There are only two things I thought could have been done differently. The first is the amount of detail at every step – that could have been reduced. I loved reading about the Chinaman’s skill, but it did get a bit monotonous after a while. I mean, I don’t have to know every step taken to make every single bomb. The second is the reactions that some of the characters had at certain moments. They seemed highly absurd and although these were explained at a later point, I still think that they could have been handled better. These few problems did reduce the overall quality of the reading experience for me.

What I like most about the book is that it isn’t black and white. It is various shades of gray where antagonists seem to have a good side, and protagonists carry out the most heinous of acts. And yet, they all seem to do what their lives force them to do, forever burdened or comfortable with their own actions.

I thoroughly enjoyed The Chinaman, and Stephen Leather’s style. I’m definitely going to be adding him to my list of authors to follow. I’d recommend the book to:

  • all readers who enjoy fiction
  • thriller and mystery fans

I read The Chinaman when I did because of the movie inspired by it and that was to hit the cinema sometime now. While I’m still not sure if it’s going to be screened at any cinema in my city (which is terribly upsetting because I would have loved to see the adaptation), I’m still glad it gave me an opportunity to discover Stephen Leather.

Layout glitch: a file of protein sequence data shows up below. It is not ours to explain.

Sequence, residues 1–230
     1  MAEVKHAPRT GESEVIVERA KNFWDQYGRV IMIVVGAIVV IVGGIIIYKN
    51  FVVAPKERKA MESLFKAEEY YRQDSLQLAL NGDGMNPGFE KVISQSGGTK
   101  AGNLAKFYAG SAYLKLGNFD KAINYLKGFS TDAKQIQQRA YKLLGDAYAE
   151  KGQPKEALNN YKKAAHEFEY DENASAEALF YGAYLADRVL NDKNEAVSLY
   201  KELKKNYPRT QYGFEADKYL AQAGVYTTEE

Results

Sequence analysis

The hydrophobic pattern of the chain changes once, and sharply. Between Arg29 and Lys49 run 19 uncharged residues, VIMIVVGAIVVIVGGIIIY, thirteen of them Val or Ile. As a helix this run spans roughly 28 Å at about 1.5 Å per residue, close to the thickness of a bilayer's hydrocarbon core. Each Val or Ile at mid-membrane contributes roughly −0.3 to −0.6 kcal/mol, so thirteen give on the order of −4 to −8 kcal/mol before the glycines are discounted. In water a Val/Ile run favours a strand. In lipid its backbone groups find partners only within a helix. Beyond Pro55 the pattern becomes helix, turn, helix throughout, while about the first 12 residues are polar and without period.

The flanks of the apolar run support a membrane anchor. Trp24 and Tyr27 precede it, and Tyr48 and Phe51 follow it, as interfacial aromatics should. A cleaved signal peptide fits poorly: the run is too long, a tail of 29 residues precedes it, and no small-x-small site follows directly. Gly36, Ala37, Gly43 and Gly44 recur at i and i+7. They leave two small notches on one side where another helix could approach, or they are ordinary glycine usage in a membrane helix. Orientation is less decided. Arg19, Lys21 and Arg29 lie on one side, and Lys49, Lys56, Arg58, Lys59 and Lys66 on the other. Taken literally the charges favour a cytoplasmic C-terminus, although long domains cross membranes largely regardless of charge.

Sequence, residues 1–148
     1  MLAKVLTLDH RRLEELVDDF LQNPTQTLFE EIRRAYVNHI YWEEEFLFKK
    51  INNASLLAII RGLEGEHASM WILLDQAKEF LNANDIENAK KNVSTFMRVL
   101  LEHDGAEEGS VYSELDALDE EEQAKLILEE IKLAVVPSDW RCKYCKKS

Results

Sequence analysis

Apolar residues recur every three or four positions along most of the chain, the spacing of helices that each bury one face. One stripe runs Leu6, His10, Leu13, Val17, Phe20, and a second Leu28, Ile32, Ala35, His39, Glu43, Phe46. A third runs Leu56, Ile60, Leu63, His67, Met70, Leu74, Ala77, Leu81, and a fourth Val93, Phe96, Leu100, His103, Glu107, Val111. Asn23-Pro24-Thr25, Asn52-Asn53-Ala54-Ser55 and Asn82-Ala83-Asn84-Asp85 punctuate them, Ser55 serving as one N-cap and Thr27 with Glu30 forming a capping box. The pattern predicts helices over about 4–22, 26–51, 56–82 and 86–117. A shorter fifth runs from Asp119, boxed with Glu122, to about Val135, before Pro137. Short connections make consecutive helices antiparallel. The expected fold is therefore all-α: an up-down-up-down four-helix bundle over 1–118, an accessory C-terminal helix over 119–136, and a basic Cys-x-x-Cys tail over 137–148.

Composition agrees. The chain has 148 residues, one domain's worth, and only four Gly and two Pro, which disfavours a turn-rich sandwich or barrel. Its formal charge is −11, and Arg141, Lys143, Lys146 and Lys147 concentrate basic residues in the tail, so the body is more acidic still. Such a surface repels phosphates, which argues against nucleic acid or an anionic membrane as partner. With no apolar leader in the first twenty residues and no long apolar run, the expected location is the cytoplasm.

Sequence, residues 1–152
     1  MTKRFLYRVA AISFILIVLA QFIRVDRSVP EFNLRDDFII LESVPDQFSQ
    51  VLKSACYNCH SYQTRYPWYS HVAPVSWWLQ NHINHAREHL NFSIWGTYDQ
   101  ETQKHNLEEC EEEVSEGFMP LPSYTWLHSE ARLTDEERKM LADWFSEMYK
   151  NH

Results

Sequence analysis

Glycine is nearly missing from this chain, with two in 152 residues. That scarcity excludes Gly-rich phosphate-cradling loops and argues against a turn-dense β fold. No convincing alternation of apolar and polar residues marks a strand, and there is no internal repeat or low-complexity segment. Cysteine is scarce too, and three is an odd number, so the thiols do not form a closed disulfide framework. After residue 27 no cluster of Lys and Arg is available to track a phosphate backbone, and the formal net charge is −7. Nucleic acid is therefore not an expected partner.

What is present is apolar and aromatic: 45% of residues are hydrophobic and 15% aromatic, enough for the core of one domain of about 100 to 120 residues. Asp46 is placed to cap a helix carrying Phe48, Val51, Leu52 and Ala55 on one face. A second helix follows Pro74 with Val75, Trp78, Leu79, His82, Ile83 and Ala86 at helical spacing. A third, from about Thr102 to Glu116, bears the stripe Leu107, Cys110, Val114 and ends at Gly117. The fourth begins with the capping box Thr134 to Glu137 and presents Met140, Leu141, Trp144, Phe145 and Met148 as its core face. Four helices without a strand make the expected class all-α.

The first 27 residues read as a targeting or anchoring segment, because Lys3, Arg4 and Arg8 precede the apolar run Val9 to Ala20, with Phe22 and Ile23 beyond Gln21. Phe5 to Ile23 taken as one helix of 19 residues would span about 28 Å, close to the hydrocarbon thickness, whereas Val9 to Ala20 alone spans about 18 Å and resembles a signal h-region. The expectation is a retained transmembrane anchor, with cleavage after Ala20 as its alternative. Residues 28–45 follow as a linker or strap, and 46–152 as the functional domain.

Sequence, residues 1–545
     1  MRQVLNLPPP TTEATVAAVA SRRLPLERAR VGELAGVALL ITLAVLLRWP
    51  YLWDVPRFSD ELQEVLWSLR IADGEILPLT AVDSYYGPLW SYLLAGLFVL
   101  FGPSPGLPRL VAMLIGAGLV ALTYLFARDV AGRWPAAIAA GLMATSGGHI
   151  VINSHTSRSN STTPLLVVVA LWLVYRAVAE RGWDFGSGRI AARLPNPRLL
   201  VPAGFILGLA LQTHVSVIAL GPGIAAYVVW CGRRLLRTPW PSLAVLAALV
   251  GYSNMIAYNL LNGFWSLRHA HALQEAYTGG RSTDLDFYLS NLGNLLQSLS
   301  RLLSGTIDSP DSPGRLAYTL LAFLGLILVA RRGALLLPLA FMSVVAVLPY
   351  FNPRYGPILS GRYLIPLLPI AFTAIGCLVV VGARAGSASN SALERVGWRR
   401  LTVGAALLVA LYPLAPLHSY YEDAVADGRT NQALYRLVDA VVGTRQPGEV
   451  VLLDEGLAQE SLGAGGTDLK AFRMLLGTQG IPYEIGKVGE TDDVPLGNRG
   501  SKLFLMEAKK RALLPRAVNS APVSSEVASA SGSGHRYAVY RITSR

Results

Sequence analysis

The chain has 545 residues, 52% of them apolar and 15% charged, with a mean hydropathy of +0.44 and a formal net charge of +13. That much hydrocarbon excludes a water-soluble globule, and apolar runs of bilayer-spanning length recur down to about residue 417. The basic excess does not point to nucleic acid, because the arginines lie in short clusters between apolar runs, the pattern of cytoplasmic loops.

Read The Chinaman? Let us know what you thought of it in the comments below.

– Rishika

Review: That Last Weekend (By Laura DiSilverio)

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Source: Goodreads

Length: 312 pages

My rating: 3.5 out of 5 stars

Laurel Muir did not want to accept the unexpected but familiar invitation and return to Chateau du Cygne Noir – the castle turned BnB – for a weekend getaway with her friends. The tragedy that had struck ten years ago had sent those very friends on their own individual paths, the friendship strained, almost broken by what had happened. That event had ended a decade-long tradition of annual weekend getaways, and filled each of their hearts with doubt for each other. Driven by the need to rekindle that friendship and overcome the past, she finds herself accepting the invitation. But the past is not done with them yet. When a murderer strikes, the remaining friends are forced to face the truth – a killer lies in their midst. Thrown once again into a police investigation and with nowhere to go, they decide to uncover the truth this time. But Laurel does not know who to trust as she adamantly takes it upon herself to find answers. And as the skeletons in the closet are slowly exposed, Laurel finds that she may have been too ambitious and that her ambition could cost her her life.